Full-Length Bhavantarana is Now Up!

Monday, June 4, 2012
I would like to thank La_Surrealiste for posting in the comments today that the film/documentary Bhavantarana on the late Odissi Guru Kelucharan Mohapatra is now posted full length on YouTube--and it's fresh, only two days old!  The Indian Diplomacy folks who had previously posted the short snippet (see my post here) must have had a change of heart and decided to give all of us eager dance enthusiasts reason to rejoice! The one hour-plus Bhavantarana is up on YouTube!


The film/documentary is shot in a soft light with lengthy periods of silence and the sounds of nature contributing to a relaxing and contemplative atmosphere.  Among all the sequences of Kelucharan performing solo, there are three solo female performances, what appear to be reenactments of Kelu's earlier life experiences, and many camera pans that linger on the natural environment.  Quotes from various ancient texts liberally appear to give the performances context and meaning.


I feel this very artistic film went quite "over my head" in the sense that I don't have the background or language understanding to comprehend everything being presented, especially the textual quotes and mythology and their relation to the dances.  I sensed that the film is trying to make a point beyond simply presenting Kelucharan, pieces of his life story, and his dance.  There is quite a lot going on, despite the lingering pace.  This site gives the following interpretation:
"The film begins with Shahani’s historical-materialist claim to the origins of all sculpture in performance: it has a stone sculptor chiseling a human form from a piece of stone. The human form is effectively linked to legendary Odissi dancer (and Mahapatra’s student) Sanjukta Panigrahi. Described by the director as a film ‘about hunger’, it returns the dance to both the labour that it celebrates and the improvisations that continue to defy codification and control. Many of the dances, including the spectacular Navarasa (the nine ‘rasas’ that form the sum total of Indian aesthetic experience) sequence at the end, were choreographed specially for the cinema."
While I don't have any intellectual analysis to add about the film, I can say that I found many of the dances captivating, particularly those in the last 30 minutes, and I ended the viewing feeling like I had watched something mysterious and magical.  While it took me a while to get warmed up to Kelu's dances, the longer I watched the more I was intrigued.  Kelucharan's "gambling" enactment at 23:37 was delightful and creative.  But it was the "nine rasas" performance, taking up the entire end of the film starting at 46:42, that had me spellbound.  The portion starting around 50:00, where he is front-lit against the dark background, brought tears to my eyes by the end.  Such emotive expression of the human body!  Kelu feels it so deeply that I, the viewer, felt it too.  What followed it was so interesting - almost an Odissi tandava perhaps, to my eyes and ears.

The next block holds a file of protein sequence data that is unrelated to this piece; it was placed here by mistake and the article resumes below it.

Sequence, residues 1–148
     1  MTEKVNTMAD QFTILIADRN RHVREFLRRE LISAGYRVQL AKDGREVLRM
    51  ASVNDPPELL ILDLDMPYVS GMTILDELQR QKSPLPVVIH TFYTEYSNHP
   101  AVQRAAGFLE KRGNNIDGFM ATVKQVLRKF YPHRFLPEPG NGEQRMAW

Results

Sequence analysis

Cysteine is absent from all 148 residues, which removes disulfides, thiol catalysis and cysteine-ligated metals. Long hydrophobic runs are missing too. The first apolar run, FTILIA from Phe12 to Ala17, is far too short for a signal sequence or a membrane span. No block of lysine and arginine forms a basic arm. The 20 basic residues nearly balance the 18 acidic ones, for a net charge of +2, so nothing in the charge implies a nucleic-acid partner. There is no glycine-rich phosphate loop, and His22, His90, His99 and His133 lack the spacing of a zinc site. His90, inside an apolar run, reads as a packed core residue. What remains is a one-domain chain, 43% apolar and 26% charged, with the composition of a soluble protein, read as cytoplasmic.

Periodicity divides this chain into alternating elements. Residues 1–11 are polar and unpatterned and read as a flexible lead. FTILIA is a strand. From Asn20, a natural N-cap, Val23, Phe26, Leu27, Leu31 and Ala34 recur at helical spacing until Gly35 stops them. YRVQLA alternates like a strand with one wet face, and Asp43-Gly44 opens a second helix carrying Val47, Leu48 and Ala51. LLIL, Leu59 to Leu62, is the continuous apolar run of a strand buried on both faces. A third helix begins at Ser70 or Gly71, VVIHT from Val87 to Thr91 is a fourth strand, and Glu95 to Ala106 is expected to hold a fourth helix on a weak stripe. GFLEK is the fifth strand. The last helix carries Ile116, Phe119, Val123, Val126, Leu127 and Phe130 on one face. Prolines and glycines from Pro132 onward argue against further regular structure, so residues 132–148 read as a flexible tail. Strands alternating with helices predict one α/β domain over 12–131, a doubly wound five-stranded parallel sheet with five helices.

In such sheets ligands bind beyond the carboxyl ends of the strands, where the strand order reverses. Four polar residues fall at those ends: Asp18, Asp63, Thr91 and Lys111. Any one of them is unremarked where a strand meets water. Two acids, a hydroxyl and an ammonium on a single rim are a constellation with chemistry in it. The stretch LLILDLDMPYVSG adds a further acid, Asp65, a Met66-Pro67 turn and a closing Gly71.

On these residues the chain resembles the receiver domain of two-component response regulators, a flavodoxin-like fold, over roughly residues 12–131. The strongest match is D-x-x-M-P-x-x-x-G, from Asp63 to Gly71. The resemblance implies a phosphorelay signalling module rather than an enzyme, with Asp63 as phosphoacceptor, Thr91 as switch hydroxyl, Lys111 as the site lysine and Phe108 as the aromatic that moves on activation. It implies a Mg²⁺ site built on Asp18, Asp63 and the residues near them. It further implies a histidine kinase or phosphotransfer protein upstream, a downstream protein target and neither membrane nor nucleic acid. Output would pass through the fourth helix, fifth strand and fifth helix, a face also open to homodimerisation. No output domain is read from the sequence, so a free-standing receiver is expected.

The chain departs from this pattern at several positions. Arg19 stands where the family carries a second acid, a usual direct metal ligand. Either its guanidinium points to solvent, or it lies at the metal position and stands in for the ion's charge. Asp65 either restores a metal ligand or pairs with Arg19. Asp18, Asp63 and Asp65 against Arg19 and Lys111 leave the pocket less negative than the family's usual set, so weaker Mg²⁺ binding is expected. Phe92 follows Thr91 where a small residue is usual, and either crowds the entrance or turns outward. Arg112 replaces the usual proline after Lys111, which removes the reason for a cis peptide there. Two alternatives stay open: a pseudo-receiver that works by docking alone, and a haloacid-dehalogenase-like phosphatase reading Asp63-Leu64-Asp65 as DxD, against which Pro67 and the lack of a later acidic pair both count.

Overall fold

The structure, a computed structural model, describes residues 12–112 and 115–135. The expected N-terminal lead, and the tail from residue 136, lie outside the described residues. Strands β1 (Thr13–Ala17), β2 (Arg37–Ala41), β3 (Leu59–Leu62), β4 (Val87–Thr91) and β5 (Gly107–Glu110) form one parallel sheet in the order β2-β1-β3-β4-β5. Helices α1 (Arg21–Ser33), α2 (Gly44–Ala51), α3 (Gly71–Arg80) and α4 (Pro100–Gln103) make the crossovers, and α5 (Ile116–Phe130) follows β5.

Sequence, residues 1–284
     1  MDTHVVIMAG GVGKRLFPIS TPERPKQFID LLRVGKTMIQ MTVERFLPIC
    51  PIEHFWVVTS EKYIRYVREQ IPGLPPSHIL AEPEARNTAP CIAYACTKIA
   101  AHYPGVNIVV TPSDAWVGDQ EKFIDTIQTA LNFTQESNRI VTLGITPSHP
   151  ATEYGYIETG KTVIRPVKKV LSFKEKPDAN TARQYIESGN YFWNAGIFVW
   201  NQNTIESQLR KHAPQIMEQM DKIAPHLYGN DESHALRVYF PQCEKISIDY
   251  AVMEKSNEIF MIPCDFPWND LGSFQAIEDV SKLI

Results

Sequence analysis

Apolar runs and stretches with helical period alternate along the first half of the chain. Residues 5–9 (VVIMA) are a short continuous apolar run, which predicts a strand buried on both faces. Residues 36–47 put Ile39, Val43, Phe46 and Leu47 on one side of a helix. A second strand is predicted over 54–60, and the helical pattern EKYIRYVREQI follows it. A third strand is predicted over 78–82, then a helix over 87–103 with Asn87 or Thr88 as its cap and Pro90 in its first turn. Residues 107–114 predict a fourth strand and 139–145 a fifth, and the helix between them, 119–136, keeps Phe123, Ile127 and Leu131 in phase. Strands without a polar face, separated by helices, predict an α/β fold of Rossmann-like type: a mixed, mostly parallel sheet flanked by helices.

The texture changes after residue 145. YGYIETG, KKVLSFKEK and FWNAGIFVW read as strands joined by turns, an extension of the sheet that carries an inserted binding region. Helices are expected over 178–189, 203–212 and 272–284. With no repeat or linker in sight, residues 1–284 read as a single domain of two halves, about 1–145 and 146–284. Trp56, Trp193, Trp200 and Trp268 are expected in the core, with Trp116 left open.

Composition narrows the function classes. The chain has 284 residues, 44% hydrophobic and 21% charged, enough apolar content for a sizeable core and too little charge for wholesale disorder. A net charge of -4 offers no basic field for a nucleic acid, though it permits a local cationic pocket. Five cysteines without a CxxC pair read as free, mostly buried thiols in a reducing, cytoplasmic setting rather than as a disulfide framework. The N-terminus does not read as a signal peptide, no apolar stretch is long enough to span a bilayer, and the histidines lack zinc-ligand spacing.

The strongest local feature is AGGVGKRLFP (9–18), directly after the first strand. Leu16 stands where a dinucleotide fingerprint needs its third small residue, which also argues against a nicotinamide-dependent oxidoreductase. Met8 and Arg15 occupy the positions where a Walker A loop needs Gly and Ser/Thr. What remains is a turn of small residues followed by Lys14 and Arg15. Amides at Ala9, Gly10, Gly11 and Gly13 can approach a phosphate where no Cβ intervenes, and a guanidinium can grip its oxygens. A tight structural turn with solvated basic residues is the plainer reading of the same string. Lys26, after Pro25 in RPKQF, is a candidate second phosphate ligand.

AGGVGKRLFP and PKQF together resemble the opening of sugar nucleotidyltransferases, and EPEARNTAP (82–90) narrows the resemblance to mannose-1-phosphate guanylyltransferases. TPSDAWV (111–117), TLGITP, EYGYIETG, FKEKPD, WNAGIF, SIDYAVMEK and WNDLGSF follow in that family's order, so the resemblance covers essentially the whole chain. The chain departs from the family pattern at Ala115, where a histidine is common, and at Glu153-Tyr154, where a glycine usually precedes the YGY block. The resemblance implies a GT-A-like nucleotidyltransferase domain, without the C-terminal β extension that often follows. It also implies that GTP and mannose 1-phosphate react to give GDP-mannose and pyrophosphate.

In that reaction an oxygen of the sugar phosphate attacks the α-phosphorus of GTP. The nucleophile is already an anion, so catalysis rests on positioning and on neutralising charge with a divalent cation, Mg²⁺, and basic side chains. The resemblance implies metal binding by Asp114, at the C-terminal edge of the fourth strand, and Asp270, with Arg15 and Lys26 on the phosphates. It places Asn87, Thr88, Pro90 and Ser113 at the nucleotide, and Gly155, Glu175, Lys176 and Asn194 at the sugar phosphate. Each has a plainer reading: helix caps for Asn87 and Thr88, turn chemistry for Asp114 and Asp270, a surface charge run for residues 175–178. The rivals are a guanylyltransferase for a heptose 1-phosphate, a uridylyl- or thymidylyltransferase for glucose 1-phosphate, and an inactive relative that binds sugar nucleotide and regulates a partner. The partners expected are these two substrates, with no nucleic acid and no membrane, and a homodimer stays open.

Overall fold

Music in Odissi dance has always struck me as being so gentle, welcoming, and peaceful, its notes always positive and uplifting. The song starting at 42:42 exemplified this for me- simply gorgeous. 

I was hoping the little girl who dances near the beginning would be identified, but it wasn't clear if she was.  The credits identify the dancers as Sanjukta Panigrahi, Moushami Sahoo, Sidheshwar, and Kumkum Mohanty.  Clearly Sanjukta was at the beginning, Sidheshwar was the gotipua dancer, and KumKum was the student being corrected by Kelucharan... but was Moushami Sahoo the little girl?  Is "Battu" a style of dance, or her character's name?  Searching on that name came up with nothing, which makes me very curious!


I'm so happy that this film is finally out there for the world to see!  What will be next. I would love to hear folks' interpretations about the documentary - do comment!

4 comments:

  1. This is awesome! The film is even better than I Imagined. the biggest thing kumar shahni does for the dance form is that as a filmmaker he GETS OUT OF THE WAY of the dancer in "interpreting" the dance form (odissi) or the piece.

    Also notice how the stage is never elevated or removed from the eye,thus (in my mind) bringing this very elitist temple dance form to the level of the viewer's eye, and somehow making it more relatable....the performance is no longer of a God's performed for the benefit of us mere mortals, we are instead sucked in and at some level become part of the dance of guru kelu.

    As personal preference I'd rather see this seventy year old's dance than the other(bala) , if I had to choose :)

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  2. Battu is a foundational dance in Odissi repertoire.

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  3. rameshram - excellent point regarding the director's getting out of the way- I hadn't been able to put my finger on that specifically. I loved how the camera slowly pans in front of the dancers, often floating beyond the focal point and off into nature. The entire thing was quite different from most other dance docs I've seen in that there wasn't any hectic, flashy editing. It's all so serene and gentle. That's a very interesting point about the stage - the performances were indeed so natural. No props and sets and fancy stages - just the dancer and his/her surroundings. Respectful, indeed. Regarding your last point - Aesthetics-wise, I would definitely agree!

    kiran chikkala - agreed.

    MSH - Thank you for the information! Very helpful.

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